9. Being aggrieved by the said order, the appellants approached the High Court. But the High Court also, by the order impugned in the present appeal, dismissed the appeal holding that the trial Court was right in ordering custody to be given to the father and the said order did not suffer from infirmity. The Division Bench of the High Court, therefore, directed the appellants to handover child Antariksh in the custody of his father with visitation rights to the appellants. The said 7
order is challenged by the appellants-maternal grand parents of Antariksh in this Court. Earlier orders
10. On March 7, 2008, when the matter was placed for admission hearing, notice was issued by this Court and was made returnable on March 24, 2008. The Court also observed that let the child (Antariksh) remain present in the Court on that day at 10.30 a.m. The learned counsel appearing for the appellants stated that the appellants would bear expenses of bringing Antariksh to the Court. Accordingly, a direction was issued that for that purpose, custody of Antariksh may be given to the appellants on March 22, 2008.
11. On the returnable date, i.e. on March 24, 2008, the Court heard learned counsel for the parties. The Court also ascertained the wishes of Antariksh. It was, however, observed in the order that an appropriate order would be passed on March 31, 2008, the day on which the 8
matter was ordered to be listed for further hearing. It was stated that till then the custody of Antariksh would remain with maternal grand parents. It was also observed that it would not be necessary to keep Antariksh present in the Court on the adjourned date. On March 31, 2008, the matter appeared on the board and the learned counsel for the parties were heard. The learned counsel for the respondent prayed for time to file affidavit in reply. It was also stated that the matter was urgent and affidavit should be filed within a very short period. The Court, therefore, observed that let such affidavit-in-reply be filed on or before April 2, 2008 and the affidavit-in-rejoinder be filed on or before April 4, 2008. The matter was adjourned to April 7, 2008. On April 7, 2008, again the Court heard learned counsel for the parties and felt that the matter should be heard finally on a non-miscellaneous day and accordingly the Registry was directed to place the matter in 9
the last week of April, 2008. The matter was, therefore, placed on board for final hearing and it was heard on April 29-30, 2008. Appellants’ submissions
12. The learned counsel for the appellants strenuously contended that both the Courts were wholly wrong in granting custody of minor Antariksh to the respondent. It was stated that the approach of the Courts below was technical and legalistic rather than pragmatic and realistic. It was stated that in such matters, paramount consideration which is required to be borne in mind by the Court is welfare of the child and nothing else. Precisely that has not been done.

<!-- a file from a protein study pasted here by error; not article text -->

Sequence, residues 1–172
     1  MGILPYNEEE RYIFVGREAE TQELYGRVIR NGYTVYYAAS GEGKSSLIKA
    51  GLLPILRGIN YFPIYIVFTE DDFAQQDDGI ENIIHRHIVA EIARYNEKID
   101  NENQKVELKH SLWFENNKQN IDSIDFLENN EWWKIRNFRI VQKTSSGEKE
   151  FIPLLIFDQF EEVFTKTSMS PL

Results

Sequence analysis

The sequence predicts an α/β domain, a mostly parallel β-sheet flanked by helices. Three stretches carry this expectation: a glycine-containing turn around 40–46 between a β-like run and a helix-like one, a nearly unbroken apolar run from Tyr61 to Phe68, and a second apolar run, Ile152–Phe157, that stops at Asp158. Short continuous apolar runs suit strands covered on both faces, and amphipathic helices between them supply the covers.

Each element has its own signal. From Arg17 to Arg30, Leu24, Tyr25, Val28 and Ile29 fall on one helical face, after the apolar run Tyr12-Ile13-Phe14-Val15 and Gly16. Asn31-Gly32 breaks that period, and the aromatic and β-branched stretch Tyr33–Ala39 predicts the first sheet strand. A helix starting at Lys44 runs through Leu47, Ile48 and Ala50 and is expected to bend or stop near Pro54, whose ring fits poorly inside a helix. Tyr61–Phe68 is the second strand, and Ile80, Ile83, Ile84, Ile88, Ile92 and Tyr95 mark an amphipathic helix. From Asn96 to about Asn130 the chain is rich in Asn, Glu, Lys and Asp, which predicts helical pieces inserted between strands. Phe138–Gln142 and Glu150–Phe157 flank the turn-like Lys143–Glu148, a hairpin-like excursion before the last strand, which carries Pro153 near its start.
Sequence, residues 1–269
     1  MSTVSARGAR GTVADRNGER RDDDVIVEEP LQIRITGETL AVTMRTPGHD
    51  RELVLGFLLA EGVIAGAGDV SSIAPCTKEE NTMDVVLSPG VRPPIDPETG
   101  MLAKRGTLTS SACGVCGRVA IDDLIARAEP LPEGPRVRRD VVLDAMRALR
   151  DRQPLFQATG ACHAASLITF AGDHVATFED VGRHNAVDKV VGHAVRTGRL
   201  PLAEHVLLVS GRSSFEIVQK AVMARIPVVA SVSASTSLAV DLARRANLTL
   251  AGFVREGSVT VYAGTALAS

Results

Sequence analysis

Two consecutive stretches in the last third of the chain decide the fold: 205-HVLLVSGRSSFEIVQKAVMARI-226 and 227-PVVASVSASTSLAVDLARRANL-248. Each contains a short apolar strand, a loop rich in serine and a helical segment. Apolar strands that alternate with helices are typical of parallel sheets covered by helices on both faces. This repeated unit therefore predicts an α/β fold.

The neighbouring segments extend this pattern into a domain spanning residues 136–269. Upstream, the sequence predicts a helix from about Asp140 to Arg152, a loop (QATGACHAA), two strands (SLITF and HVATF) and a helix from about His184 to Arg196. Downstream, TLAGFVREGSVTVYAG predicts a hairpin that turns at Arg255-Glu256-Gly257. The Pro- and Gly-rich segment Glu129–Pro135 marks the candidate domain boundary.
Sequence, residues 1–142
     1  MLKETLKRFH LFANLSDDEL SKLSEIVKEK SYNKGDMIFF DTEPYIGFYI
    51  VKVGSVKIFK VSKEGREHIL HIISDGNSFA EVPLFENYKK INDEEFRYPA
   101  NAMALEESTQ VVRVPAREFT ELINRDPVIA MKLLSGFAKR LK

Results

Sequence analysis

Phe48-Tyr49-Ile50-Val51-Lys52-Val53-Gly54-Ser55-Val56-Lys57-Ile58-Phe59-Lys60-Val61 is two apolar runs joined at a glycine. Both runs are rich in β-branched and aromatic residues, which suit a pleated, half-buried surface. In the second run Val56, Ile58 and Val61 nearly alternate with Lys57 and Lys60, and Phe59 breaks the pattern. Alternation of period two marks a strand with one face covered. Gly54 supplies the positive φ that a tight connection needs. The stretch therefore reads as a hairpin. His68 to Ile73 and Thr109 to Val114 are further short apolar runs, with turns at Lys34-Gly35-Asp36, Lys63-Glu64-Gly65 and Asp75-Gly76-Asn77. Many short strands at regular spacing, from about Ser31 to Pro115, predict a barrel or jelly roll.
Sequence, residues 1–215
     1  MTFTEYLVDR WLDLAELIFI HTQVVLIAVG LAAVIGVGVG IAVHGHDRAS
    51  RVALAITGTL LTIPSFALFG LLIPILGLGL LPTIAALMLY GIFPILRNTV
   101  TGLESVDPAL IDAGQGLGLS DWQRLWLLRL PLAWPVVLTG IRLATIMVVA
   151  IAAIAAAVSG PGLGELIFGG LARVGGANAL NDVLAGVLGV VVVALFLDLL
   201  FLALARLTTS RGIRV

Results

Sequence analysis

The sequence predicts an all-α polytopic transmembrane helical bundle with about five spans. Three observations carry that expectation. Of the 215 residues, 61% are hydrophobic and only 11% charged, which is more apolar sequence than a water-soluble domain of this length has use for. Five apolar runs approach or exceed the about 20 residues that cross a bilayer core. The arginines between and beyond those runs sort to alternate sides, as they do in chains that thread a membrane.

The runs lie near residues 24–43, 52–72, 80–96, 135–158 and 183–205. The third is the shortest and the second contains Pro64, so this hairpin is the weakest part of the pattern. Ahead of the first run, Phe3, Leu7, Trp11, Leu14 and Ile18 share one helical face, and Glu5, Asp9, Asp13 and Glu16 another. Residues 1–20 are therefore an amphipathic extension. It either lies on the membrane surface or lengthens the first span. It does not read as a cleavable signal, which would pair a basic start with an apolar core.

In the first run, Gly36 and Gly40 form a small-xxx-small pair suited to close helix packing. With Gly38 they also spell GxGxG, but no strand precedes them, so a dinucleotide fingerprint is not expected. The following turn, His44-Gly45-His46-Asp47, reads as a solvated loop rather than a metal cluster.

13. It was alleged that the respondent and his family members were after dowry and they had tortured Mithu since she could not bring sufficient amount of dowry. She was physically and mentally harassed. She became ill and was admitted to hospital by the appellants. After 1
she was cured, she returned to matrimonial home, but the harassment and cruelty persisted. Even after the birth of Antariksh, the difficulties did not come to an end and as Mithu was unable to bring more money, as demanded by the respondent and his family members, she was killed and criminal proceedings were initiated against the respondent and his mother which are pending.
14. It was further stated that the above incident had given mental shock to minor Antariksh who was also found sick in the house of the respondent when he was of five years of age. The appellants brought Antariksh with them and got him admitted in a recognized and well reputed school and he is very well settled. In the circumstances, the Courts ought not to have passed an order directing the appellants to handover custody of Antariksh to the respondent.
15. It was also contended that the trial Court which exercised the power under 1890 Act, 1
did not ascertain wishes of Antariksh by calling him, observing that none of the parties asked for such examination and considering his age, such action was not taken. So far as the High Court is concerned, it observed that the child had been `tutored’ to make him hostile towards his father. According to the counsel, there was nothing to show on what basis the above statement had been made by the High Court and the custody had been wrongly granted to the respondent. The said order, therefore, deserves to be set aside.